Alicia Silverstone's Son Has 'Never Had a Drop of Medicine'

b_250_0_16777215_00_images_obgrabber_2014-04_387ed4931c.jpgMJ Kim/Getty Images (NEW YORK) -- Alicia Silverstone has long been a proponent of attachment parenting. Now, she has written a book about it. In The Kind Mama, Silverstone opens up about raising her nearly 3-year-old son, Bear. "He's never been sick-sick, just feeling a little off from time to time. And he's never had a drop of medicine," Silverstone writes.

"Because his body is a super-clean, healthy machine, it can defend itself against and flush out all the nasty stuff much more quickly than a baby whose diet isn't as kind. He actually never had to deal with the achy ears, gooey eyes or rashy bottom that a lot of other babies experience."

Silverstone, 37, advocates for a clean, vegan diet, and even includes recipes in her book. She also wades into the vaccination debate a bit ("There is increasing anecdotal evidence from doctors who have gotten distressed phone calls from parents claiming their child was 'never the same' after receiving a vaccine," she writes) and warns parents against overmedicating their children.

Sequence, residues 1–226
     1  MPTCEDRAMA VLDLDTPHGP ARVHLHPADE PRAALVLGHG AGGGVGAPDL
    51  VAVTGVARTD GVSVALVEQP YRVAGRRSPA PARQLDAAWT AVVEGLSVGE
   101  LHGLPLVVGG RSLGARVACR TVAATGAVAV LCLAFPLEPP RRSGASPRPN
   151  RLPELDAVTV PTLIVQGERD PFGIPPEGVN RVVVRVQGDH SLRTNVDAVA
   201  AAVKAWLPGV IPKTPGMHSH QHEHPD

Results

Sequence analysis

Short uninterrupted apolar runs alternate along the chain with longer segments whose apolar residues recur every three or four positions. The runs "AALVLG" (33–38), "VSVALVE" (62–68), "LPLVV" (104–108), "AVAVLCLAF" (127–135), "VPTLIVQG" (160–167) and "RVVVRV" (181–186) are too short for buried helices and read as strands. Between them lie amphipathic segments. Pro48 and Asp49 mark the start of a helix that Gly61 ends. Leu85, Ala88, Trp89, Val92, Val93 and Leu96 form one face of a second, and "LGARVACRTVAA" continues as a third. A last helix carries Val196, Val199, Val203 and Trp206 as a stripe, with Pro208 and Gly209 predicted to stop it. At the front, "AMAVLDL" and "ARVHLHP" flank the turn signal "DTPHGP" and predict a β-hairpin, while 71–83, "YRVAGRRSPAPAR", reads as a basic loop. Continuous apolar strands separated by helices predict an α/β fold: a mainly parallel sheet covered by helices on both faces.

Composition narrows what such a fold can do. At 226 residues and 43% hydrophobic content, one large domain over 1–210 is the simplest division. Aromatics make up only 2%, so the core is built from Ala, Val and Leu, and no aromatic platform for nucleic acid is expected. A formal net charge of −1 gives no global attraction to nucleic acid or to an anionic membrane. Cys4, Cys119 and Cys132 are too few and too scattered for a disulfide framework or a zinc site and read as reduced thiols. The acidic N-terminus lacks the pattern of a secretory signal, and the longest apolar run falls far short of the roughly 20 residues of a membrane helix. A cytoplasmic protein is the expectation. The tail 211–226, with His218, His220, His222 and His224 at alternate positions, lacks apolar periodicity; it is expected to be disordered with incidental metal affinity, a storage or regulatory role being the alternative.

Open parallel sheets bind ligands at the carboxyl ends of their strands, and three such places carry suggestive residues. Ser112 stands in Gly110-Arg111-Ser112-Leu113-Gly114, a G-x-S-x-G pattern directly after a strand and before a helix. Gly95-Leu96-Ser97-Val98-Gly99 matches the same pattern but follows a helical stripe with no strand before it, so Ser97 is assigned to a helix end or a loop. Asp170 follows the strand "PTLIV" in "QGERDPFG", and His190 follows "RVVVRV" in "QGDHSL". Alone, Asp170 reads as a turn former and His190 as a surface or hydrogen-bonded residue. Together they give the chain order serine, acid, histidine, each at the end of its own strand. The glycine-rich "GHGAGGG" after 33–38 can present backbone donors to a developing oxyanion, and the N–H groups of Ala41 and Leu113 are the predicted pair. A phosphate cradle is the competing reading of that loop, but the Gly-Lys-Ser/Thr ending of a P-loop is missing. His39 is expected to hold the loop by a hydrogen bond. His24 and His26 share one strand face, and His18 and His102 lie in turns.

"In most cases, those [over-the-counter] meds aren't necessary. Antibiotics should also be used with care," she writes. "Sometimes they are truly useful and can save lives, but when we over-administer them, we challenge bacteria to grow stronger and more resistant to treatment. ...More often than not, you can make baby well with minimal medical intervention. The key is patience, love, and a few natural remedies to bring her comfort."

Dr. Richard Besser, chief health and medical editor for ABC News, agrees with Silverstone about antibiotic use, though he adds, "I have some concerns that she is lumping these in with overmedication."

"I can’t think of anything I do for my patients as a pediatrician that has more proven value than getting them vaccinated fully and on time," he says. "Thanks to our vaccination programs, we no longer see so many of the diseases that plagued our parents’ and grandparents’ lives."

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